Keeping It Green

RO treatment system keeps golf course grass healthy

Perhaps the most attractive aspect of golfing is the idea of spending several hours in a park-like setting strolling across lush fairways, putting greens and tees. For this reason, golf course managers dedicate a great deal of resources to the maintenance and health of special turf grasses.

 The most important ingredient for keeping golf courses green is water, and plenty of it. The typical amount of irrigation water required daily for an 18-hole golf course varies from approximately 400,000 gal per day (gpd) to 1 million gpd, depending on property location, type of grass, soil conditions and other factors.

Irrigation water with approximately 400 parts per million (ppm) total dissolved solids (TDS) contains the right mix of minerals for healthy turf. If irrigation feed source contains too much sodium, for example, it can detrimentally affect the turf physically and chemically. Soils with an accumulation of exchangeable sodium often are characterized by poor tithe and low permeability, making them unfavorable for plant growth. Golf course superintendents are familiar with the sodium absorption ratio (SAR) and they desire a low SAR index.

Irrigation Issues

At Spirit Hollow Golf Course, high TDS and high SAR made turf maintenance a nightmare.

Spirit Hollow is a public daily fee course in Burlington, Iowa, about an hour south of the Quad Cities, and almost equidistant from Chicago; Des Moines, Iowa; and St. Louis. The upscale 18-hole track plays mostly through a small river valley that contributes to its picturesque holes and significant elevation changes. The course conditioning is top notch, with bent grass tees, fairways and greens.

During periods of abundant rain, there is plenty of acceptable water available in the lake, which is then pumped onto the property for irrigation. Unfortunately, the six-month golf season coincides with seasonal drought conditions. With little water remaining in the lake, the golf course superintendent supplements lake water with water from a well that flows approximately 700 gal per minute and contains approximately 2,800 ppm TDS. This brackish water is unacceptable for golf course irrigation and was detrimental to the turf grass, fairways and tees, making the property unattractive in appearance and playability.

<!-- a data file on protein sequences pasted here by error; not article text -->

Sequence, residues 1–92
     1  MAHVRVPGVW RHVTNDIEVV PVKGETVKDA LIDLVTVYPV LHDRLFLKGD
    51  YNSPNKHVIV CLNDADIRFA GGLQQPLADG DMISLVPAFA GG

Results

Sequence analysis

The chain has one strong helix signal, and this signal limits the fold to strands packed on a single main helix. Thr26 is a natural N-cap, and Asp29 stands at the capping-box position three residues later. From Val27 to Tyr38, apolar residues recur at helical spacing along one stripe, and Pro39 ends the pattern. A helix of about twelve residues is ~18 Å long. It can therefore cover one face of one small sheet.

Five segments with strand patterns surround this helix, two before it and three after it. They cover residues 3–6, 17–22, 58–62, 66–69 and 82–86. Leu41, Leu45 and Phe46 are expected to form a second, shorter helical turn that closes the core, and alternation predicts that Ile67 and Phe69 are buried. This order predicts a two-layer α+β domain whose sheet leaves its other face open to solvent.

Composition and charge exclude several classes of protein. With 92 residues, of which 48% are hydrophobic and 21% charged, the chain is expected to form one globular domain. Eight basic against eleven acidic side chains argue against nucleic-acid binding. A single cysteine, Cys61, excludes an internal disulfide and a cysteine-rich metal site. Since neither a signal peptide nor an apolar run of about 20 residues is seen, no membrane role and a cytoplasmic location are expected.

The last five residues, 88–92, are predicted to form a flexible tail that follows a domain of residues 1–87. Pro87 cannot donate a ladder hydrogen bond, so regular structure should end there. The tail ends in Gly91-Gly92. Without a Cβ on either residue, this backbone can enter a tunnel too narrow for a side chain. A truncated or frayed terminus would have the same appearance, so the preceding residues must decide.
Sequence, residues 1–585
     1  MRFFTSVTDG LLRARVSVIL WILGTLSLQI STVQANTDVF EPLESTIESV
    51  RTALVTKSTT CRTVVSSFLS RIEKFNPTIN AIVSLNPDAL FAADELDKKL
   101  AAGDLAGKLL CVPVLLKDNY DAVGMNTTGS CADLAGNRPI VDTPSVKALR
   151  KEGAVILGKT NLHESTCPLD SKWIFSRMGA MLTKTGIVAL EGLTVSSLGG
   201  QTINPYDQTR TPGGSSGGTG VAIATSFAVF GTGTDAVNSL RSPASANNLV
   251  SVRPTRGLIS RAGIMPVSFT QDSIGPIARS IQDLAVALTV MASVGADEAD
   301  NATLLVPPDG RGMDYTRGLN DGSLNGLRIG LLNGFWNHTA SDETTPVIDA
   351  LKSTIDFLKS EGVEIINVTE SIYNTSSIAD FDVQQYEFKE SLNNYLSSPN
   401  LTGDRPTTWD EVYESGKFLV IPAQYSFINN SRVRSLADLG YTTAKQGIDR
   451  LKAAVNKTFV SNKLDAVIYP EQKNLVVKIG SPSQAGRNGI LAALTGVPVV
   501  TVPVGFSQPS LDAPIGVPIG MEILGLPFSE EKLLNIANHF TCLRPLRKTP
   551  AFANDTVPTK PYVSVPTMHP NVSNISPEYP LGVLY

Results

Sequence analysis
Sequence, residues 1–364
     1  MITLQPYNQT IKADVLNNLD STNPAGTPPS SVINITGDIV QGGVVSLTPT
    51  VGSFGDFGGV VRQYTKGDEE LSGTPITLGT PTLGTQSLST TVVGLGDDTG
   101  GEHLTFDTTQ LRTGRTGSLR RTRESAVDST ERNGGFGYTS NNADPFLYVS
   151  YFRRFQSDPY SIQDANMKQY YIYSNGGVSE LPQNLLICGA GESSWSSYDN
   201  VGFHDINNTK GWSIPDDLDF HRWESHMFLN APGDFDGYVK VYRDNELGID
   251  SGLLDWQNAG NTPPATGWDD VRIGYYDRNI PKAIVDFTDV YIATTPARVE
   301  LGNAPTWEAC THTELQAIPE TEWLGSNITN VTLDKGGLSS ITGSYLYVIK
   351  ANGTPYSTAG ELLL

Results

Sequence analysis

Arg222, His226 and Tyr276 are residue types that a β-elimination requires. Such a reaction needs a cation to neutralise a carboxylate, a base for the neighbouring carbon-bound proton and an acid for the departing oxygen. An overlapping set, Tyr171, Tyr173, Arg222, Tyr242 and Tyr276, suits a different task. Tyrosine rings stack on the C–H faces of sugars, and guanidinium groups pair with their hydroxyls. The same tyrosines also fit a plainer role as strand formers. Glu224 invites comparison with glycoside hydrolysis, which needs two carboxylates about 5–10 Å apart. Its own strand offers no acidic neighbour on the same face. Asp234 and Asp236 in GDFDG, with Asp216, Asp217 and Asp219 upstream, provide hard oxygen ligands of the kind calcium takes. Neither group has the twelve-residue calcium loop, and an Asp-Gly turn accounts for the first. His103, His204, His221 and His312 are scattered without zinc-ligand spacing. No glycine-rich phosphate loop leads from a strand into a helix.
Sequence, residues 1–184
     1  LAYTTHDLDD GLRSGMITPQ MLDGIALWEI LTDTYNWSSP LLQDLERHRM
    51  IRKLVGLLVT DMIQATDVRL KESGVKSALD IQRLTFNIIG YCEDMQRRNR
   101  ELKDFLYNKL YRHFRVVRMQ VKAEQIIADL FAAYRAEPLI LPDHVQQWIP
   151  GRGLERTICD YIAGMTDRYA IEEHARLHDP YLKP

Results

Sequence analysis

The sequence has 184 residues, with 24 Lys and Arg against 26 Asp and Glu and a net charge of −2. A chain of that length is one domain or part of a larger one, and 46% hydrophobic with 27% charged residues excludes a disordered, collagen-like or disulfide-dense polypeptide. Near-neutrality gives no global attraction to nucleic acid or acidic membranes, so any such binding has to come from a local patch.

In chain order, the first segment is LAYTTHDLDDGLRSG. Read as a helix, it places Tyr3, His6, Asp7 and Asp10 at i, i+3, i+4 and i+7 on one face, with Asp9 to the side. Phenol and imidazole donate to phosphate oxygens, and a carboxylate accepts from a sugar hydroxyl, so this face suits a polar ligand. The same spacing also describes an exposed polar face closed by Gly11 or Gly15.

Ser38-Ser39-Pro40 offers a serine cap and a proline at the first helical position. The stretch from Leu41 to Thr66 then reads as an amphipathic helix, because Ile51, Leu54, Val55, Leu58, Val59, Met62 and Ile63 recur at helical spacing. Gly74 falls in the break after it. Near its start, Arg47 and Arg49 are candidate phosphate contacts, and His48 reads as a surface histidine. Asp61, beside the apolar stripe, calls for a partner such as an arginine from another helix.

Implementing Treatment

Spirit Hollow contacted consulting firm Water Treatment Systems Inc. (WTS) of Boca Raton, Fla., in search of a solution. Because it is located in Florida, WTS has experience finding treatment solutions for brackish well water considered unusable for golf course irrigation. The solution for Spirit Hollow, based on its daily irrigation requirements, was a 500,000 gpd reverse osmosis (RO) system.

Last winter, Spirit Hollow’s superintendent oversaw construction of a water treatment plant conveniently located close to both the water well and freshwater lake that would provide storage for the RO permeate. The RO system, manufactured by Water Management Group Inc., and the auxiliary process equipment supplied by WTS were delivered and installed in April. The auxiliary process equipment consisted of multi-media prefiltration and chemical injection of antiscalant chemical. The multi-media filtration system was necessary because of high turbidity in the feed water and because the well casing was made of steel and had the potential to contribute solid and oxidized iron to the feed water.

The process flow for the water treatment plant is as follows: A level control device, located in the lake, sends a signal to the RO control panel when the level in the lake falls below a set point. The RO panel sends a signal to the well pump to turn on, and well feed water flows to the prefiltration system, the prefilter cartridge system and finally to the RO high-pressure pumps. Along the way, the feed water receives a dose of antiscalant chemical to control precipitation of sparingly soluble salts onto the RO membranes.

Project Success

In May, Spirit Hollow’s new RO water treatment plant was commissioned. The plant is producing water with approximately 100 ppm TDS. The treated water is directed into the natural lake, where TDS increases to approximately 400 ppm. More importantly, sodium and chloride levels have been reduced substantially and the SAR is now in the desired range. Spirit Hollow owners and managers are pleased with the new treatment plant and are happy with its ease of operation and low maintenance requirements.


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About the author

Jeff Dunn is president of Water Treatment Systems Inc. Dunn can be reached at [email protected] or 561.477.2609.